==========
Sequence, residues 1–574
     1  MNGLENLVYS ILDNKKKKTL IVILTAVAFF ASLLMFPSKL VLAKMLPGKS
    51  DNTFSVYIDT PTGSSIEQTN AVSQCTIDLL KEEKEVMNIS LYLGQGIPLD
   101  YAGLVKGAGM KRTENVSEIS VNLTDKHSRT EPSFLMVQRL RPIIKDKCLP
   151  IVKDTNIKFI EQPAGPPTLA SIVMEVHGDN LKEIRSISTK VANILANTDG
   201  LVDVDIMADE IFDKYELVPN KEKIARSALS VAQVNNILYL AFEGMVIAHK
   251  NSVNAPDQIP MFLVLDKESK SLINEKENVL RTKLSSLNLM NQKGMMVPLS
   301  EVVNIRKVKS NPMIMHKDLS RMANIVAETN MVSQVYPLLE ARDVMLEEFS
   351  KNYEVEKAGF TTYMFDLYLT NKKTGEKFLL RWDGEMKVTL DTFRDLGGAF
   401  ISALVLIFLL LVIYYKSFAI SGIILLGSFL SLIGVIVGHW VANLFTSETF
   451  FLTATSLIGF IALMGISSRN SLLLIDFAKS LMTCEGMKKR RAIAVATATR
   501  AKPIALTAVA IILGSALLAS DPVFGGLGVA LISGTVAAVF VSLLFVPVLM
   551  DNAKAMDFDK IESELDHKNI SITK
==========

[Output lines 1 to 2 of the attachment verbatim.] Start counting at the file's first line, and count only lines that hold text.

Sequence, residues 1–574
     1  MNGLENLVYS ILDNKKKKTL IVILTAVAFF ASLLMFPSKL VLAKMLPGKS